Care Home Open Week: The community role of care homes

To celebrate Care Home Open Week 2022, Machala Evans, a nurse at our Tŷ Penrhos Care Home, spoke to The Royal College of Nursing about the necessity of holistic care and the prominent community role care homes can have.

Read the article on the RCN website or read on below.


What made you realise that care home nursing was where you wanted to be?

I previously worked as a community carer for eight and a half years, predominantly in dementia care. What I quickly realised is that I didn’t want to be a hospital nurse. The in-depth care that care home nursing allows means you really get to know your patients, which is what I’m so passionate about in a care home setting.

I interviewed for 14 roles in a week before working at a care home and Tŷ Penrhos was the first one I interviewed for. I knew straight away from the dynamics between the carers, the cooks, the maintenance, and the patients that I had to work here.

I won’t lie about the fact that the first six weeks were scary! Suddenly, I’m a qualified nurse and everyone is looking at me, but it’s the best thing I have ever done. I’ve gained so much confidence and couldn’t imagine doing anything else.


What are the main misconceptions about working in a care home?

The main one, which couldn’t be further from the truth, is that we aren’t real nurses and that we are deskilled, meaning, we don’t get to use all the skills we have learned. Whatever area of nursing you go into, you will learn specialised skills. I am a registered general nurse but the personalised holistic care we give to every single resident means the treatment I administer is different for everyone, from the care planning, to risk assessments, to nutrition and hydration and a variety of chronic physical problems as well as emotional and wellbeing support.

I’ve become the resident expert in wound care, which I never would have thought! This is entirely different on elderly skin. We had a patient who came to us with a prognosis of three months to live and they are still there three years later! All down to the correct wound care, pressure relief and not to mention the expensive specialised mattress I talked the manager into getting! That’s where I’ve really had the opportunity to develop my influencing and advocacy skills and my manager trusts my best judgement for our patients.

There are endless opportunities for you to develop the skills you want. We have an excellent training department who fund courses as well as free training through local authorities. I have completed management training to become a clinical unit lead where I get the best of both worlds between managerial and clinical skills and being a nurse, which is what I genuinely love. After completing the manual handling training, I also became a qualified trainer in this myself! I think the holistic care we provide as well as the chance to become specialised in certain disciplines is unique in this environment.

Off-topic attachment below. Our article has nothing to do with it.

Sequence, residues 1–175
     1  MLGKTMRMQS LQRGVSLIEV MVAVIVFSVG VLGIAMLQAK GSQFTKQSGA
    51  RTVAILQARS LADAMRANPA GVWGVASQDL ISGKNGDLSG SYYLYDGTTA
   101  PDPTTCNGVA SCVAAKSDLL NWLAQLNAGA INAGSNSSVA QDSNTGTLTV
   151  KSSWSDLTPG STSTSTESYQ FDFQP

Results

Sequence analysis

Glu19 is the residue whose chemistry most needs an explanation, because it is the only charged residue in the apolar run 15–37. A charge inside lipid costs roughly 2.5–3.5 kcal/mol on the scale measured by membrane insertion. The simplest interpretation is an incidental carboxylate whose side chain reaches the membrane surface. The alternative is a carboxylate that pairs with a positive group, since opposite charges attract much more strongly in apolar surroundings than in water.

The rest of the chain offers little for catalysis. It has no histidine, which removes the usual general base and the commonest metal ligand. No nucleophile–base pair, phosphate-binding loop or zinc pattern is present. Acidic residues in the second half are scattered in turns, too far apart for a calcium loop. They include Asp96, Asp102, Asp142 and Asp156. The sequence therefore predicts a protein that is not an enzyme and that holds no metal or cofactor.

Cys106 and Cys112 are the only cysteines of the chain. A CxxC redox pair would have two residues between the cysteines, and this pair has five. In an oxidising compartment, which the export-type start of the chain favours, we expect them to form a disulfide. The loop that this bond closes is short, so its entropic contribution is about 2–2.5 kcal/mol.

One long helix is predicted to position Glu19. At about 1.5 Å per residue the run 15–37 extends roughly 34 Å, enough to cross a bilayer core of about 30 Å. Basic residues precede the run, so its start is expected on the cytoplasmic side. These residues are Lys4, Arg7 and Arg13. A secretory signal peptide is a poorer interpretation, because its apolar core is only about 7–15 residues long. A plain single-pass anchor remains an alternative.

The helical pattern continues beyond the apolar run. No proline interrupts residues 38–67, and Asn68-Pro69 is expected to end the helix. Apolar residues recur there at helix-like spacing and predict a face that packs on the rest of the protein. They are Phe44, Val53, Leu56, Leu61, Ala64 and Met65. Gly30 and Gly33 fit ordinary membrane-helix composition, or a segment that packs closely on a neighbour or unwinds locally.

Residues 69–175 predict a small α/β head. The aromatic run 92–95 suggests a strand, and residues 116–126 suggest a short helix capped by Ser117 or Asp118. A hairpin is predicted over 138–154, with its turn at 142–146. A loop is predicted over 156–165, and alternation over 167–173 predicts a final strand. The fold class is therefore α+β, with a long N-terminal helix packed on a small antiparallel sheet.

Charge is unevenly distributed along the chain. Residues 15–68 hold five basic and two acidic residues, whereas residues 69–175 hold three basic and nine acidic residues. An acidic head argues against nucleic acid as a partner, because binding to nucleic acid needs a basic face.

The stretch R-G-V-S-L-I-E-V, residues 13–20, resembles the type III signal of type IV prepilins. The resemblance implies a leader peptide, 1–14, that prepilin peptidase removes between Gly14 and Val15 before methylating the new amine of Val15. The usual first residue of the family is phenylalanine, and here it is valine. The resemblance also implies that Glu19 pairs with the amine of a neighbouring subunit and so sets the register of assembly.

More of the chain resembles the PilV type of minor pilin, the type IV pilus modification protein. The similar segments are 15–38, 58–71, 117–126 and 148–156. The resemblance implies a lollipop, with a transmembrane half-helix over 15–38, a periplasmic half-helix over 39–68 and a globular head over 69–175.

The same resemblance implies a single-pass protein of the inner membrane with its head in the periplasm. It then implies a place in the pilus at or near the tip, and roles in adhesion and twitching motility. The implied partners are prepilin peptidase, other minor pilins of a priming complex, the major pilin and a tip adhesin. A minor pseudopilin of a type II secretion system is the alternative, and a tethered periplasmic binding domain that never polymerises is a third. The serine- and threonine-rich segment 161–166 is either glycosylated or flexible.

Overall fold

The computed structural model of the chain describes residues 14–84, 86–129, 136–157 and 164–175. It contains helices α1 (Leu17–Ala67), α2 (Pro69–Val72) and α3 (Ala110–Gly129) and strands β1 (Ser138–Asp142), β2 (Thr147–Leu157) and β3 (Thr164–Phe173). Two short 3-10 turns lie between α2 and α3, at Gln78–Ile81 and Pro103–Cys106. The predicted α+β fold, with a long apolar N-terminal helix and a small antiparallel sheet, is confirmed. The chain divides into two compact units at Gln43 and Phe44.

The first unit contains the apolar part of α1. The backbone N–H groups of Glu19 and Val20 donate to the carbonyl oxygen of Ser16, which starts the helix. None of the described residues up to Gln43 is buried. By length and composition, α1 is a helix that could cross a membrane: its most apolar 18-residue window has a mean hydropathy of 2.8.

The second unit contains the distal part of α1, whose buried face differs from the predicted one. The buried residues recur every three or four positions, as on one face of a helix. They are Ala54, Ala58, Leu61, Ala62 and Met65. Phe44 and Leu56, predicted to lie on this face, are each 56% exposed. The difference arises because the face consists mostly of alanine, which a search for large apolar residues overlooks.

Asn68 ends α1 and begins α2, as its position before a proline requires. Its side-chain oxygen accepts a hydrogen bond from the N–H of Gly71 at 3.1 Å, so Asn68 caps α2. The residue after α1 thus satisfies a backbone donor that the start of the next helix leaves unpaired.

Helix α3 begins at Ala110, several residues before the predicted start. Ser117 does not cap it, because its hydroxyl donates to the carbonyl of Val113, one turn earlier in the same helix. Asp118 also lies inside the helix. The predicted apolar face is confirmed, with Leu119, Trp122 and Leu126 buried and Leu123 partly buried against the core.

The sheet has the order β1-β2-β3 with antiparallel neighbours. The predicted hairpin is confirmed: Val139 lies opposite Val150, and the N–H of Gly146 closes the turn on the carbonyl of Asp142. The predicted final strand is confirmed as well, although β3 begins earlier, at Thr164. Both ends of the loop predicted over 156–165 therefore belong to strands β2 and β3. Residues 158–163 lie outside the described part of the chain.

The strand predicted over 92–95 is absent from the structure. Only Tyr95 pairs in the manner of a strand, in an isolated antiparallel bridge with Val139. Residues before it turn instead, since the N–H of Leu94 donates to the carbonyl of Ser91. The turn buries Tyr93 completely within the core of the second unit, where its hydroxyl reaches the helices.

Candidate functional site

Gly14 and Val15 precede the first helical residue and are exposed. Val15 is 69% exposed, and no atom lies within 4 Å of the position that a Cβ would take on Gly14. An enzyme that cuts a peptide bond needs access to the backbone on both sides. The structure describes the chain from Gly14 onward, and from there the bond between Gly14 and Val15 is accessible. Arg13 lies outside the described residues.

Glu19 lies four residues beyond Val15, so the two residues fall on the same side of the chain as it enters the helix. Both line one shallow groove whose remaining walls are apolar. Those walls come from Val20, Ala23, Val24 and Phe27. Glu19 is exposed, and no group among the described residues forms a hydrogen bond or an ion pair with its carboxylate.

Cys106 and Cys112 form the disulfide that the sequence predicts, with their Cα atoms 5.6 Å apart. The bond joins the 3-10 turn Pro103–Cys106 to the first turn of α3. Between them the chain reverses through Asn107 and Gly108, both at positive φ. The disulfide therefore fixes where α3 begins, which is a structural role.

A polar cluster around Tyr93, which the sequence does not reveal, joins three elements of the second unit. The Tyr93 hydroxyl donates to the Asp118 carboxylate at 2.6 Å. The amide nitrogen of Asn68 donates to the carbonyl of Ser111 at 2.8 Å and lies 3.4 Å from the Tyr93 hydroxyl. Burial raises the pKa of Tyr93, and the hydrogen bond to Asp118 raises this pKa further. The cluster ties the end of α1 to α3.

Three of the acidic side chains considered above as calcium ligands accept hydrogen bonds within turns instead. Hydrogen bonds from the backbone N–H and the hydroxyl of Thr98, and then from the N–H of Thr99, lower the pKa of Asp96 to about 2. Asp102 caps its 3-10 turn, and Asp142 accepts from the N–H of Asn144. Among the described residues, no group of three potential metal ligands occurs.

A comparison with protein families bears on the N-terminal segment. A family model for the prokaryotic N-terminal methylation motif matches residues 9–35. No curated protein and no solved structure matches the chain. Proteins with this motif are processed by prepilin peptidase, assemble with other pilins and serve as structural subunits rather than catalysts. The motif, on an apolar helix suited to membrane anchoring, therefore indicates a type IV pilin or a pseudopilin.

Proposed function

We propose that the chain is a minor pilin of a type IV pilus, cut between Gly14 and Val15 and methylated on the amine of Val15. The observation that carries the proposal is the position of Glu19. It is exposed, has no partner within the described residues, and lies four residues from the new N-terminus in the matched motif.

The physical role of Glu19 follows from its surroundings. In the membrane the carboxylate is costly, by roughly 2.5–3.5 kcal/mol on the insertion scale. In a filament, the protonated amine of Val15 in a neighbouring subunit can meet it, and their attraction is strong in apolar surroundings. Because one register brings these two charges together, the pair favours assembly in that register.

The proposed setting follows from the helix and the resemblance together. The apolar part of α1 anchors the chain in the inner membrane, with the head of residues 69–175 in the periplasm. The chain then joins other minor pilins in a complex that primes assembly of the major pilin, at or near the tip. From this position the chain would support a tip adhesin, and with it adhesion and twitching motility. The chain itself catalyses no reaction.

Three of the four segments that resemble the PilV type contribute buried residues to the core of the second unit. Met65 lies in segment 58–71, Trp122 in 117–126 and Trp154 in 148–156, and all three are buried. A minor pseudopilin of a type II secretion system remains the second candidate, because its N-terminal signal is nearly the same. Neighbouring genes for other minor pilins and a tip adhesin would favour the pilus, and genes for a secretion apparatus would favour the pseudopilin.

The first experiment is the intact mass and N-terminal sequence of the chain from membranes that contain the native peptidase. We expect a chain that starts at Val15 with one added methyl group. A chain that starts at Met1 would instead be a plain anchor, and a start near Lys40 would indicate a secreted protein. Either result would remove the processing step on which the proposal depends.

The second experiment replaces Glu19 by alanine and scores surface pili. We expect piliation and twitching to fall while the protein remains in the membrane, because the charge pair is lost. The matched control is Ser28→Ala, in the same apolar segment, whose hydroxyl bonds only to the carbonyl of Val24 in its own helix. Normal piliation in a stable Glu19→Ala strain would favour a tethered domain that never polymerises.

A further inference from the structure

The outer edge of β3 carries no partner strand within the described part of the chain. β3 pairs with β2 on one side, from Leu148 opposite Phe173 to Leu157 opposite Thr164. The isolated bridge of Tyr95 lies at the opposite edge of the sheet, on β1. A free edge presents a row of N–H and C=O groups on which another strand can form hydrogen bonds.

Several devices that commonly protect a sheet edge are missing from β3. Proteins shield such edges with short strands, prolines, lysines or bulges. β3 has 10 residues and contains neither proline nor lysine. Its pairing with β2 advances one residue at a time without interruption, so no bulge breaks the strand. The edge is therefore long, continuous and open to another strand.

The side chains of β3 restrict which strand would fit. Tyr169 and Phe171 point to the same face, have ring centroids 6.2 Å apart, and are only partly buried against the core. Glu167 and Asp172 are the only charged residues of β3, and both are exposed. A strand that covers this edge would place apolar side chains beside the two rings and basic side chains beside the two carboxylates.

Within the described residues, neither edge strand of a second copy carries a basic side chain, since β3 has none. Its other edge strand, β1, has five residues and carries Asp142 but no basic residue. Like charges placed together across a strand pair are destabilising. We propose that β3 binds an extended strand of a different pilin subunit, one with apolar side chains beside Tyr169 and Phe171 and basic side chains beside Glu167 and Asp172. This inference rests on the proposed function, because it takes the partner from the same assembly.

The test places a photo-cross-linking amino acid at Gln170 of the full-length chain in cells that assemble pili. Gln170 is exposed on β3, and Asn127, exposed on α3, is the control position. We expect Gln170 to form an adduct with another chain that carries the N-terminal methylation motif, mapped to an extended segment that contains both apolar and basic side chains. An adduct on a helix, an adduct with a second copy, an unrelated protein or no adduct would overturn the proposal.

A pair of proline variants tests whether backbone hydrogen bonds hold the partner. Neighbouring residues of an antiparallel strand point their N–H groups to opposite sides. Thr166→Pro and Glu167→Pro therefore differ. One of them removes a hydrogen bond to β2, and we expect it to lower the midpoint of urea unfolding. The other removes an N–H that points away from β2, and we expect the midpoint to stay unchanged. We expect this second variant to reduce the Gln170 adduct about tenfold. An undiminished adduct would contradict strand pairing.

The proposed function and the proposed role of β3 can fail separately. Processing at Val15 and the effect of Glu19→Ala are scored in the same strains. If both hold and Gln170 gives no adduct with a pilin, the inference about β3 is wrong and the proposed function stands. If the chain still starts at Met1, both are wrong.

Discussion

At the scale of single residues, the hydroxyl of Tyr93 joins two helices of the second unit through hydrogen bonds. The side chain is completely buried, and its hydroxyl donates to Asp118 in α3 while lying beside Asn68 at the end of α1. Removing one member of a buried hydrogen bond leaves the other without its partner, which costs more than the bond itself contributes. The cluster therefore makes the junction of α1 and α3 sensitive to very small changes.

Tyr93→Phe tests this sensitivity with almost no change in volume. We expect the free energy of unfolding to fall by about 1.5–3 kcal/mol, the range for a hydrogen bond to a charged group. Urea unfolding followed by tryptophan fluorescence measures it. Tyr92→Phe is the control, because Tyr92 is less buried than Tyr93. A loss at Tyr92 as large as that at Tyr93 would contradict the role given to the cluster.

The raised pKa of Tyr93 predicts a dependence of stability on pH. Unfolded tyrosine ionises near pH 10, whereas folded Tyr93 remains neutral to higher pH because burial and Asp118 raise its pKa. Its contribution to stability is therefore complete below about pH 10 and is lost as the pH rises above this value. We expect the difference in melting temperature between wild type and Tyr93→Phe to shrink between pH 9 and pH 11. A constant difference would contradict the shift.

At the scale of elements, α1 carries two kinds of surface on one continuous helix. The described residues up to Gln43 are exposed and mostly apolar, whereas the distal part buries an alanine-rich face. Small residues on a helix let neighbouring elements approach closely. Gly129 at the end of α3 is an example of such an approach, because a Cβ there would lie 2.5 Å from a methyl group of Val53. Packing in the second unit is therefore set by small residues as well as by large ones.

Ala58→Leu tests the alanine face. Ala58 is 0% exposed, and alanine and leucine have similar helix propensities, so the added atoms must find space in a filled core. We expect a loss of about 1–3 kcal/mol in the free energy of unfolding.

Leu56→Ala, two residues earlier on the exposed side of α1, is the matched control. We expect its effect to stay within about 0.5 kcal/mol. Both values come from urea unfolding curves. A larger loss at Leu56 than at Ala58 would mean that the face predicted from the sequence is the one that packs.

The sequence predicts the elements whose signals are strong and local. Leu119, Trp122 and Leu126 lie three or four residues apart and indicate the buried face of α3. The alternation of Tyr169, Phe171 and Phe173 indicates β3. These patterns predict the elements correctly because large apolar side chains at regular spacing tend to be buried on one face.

How important is continuity of care to family members and what opportunities are there for them to get involved?

Tŷ Penrhos is a very family-oriented care home, relationships with the families and continuity of care are essential to what we do. They trust you; they know you have their family members best interest at heart especially in end-of-life care which is a massive responsibility. I have never understood the term ‘nice death,’ but now I do. A pain free and comfortable end of life is equally important for the family members as for the patient.

We run lots of day trips that the family can come along to. We visit farms, beaches, cafes, local parks which has amazing effects on the residents’ wellbeing. Families can also visit during mealtimes, which works better for us sometimes if the residents are not taking food from us. We have total transparency and understand that these elements are an integral part of care and our residents’ overall health.


Care home open week encourages the public to visit and break down barriers in the community. How would you say Tŷ Penrhos participates in community life?

At Tŷ Penrhos we have a brilliant relationship with the local school. During the Queen’s Jubilee week, we visited the school and had a tea party. Prior to covid and with more opportunities now we routinely invite school choirs and local artists, hold pet therapy sessions, we even have chick incubators every year and the kids come in to see them being hatched. We have 15- and 16-year-olds in on work placements where they can sit with residents and assist the activity co-ordinators. All this helps build and strengthen intergenerational relationships and develop understanding of the older adults a valid and present group in society.

The care home is ultimately the best place for them, where they are most comfortable and at home. We provide the highest level of care we can ensure they are not sent to hospital unnecessarily to take pressures off other services.


If you had to give one piece of advice to someone thinking about becoming a care home nurse, what would you say?

Just do it! I’ve gone from thinking ‘I can’t to this’ to feeling completely empowered and proud of the job we do. I have a lot of say in my role. If you’re the kind of person who wants your voice to be heard and to have meaningful influence and advocacy for your patients, this is the place for you. We have had numerous students on placements coming back to us after their studies, so having that opportunity at university really changes the game in opening students’ eyes to the possibilities this rewarding and dynamic role can provide. I would say make the most of your placements, come in with an open mind after reading this Q&A and get stuck in!


To read more from RCN, click here.